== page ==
One sign that the Rockaways will maintain its recently attained status as a fashionable destination for hipstery types, even after Hurricane Sandy ravaged the barrier peninsula:
There was nothing around there back then. I mean really, nothing but working factories, mostly textile mills with giant mechanized looms churning out cheap sweaters, amazing late-industrial objects to watch, the noises of which became familiar to us quickly as one was still operating on the other end of our floor.(9)
Isaac Abraham, an Orthodox Jew who mounted a strong bid when he ran for City Council in Williamsburg in 2008, is considering another bid this fall.
Each day, the New York tabloids vie to sell readers at the newsstands on outrageous headlines, dramatic photography, and, occasionally, great reporting. Who is today's winner?
The Walentas family wants to erect a $1.5 billion neighborhood from the remnants of the Domino Sugar factory on the Williamsburg waterfront.
The change in Williamsburg’s demographic, replete with incessant noise complaints from neighbors, left Zebulon with little choice but to close its doors. Employee Patrick Krou explained recently over email,“A Jef [Soubiran] often expressed, ‘Sure, we could change this or that and please everyone, but then we are no longer Zebulon, so we better close.’”(2)
The G and L train tunnels, which just yesterday were still flooded, have now been pumped dry, the M.T.A. announced.
Unlike their counterparts in Staten Island and Rockaway, Williamsburg and Greenpoint residents emerged from Sandy largely unscathed.
Nevertheless, their patience with the city's otherwise widely lauded transit recovery efforts is growing thin.
As director Rick Alverson (The Builder, New Jerusalem) writes in his statement about the film, Swanson and his friends are products of the “progressive American exceptionalism” fostered by places like Williamsburg, and so they become icons of both a geographically and socio-culturally specific “type” and a more general national trend. Aging, bloating, they’ve lived so hedonistically that they’ve pleasured themselves into anhedonia, and so the film seems both thematically and formally suspicious of the wounds, privileges, and politics that pleasure masks.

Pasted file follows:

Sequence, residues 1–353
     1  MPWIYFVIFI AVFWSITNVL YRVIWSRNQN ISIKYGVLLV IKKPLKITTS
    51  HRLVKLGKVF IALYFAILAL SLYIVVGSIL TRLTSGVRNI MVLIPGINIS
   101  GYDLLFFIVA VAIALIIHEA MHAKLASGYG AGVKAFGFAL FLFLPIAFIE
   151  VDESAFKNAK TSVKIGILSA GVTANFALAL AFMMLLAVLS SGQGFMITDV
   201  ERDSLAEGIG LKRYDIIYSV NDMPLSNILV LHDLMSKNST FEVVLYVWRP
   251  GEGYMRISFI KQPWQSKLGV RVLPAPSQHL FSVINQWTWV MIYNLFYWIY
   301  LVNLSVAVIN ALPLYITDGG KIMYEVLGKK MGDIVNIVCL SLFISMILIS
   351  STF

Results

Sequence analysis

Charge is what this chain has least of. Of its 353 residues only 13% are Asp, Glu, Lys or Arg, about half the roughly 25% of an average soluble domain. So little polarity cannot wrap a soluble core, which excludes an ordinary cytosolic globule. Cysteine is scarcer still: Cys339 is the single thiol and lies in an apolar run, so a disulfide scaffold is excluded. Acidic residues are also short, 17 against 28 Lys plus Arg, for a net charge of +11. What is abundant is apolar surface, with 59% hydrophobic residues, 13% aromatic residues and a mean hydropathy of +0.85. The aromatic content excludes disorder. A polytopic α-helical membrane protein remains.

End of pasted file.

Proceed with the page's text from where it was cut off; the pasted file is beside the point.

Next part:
One man's dream: A $5 M. eco-hacker colony, with farms, stores and 'sleeping pods,' in a busy Brooklyn district
A few months ago, tech guy Sean Auriti noticed a triangular fenced-in parking lot around the corner from the Graham Avenue L stop. Before long, he was sending emails to friends on hackerspace email lists announcing his plan to buy the lot and construct a fully operational hacker ecosystem.(2)
New Kings Democrats, a progressive group in Brooklyn, is going public with accusations of voter fraud they say they documented during the primaries in New York last week.(3)
In Hassidic Williamsburg, "Boss Vito Lopez and Stevey Levin" -- Lincoln Restler's belittling way of referring to the 31-year-old Councilman in the area -- "delivered him 6,000 votes." Restler's fist pounded the wooded banister in front of him as he said this. A woman standing next to me said, despondently, "shit" when she heard this.(1)
On a tour through the neighborhood, Anasi pointed out some landmarks featured in the book, like the enduring Greenpoint Tavern and Veracruz restaurant, as well as the site of the legendary L Café, now Brooklyn Bagelsmith. “This used to be a Mafia restaurant," he said, passing a weathered three-story brick building on Kent Avenue. "But it was hardly ever open for business. A bunch of prostitutes were found dead around here, and the theory was that the owners had them killed.”
For moment, the only thing standing between older and newer residents of Williamsburg was a dumpster.(2)
She’s now telling her own stories, in a new book just out from Two Dollar Radio, titled How To Get Into The Twin Palms. Her deceptively slim debut novel focuses on Anya, a young Polish-born woman living—and attempting to fit in—in a mostly Russian neighborhood in Los Angeles. In many ways Anya wants what most women want: both passion and acceptance. She craves the exclusivity of a nearby nightclub: the Twin Palms. When one of the local bad-boy gangster types starts hanging around outside of her apartment, she sees a way to gain entrance to the club.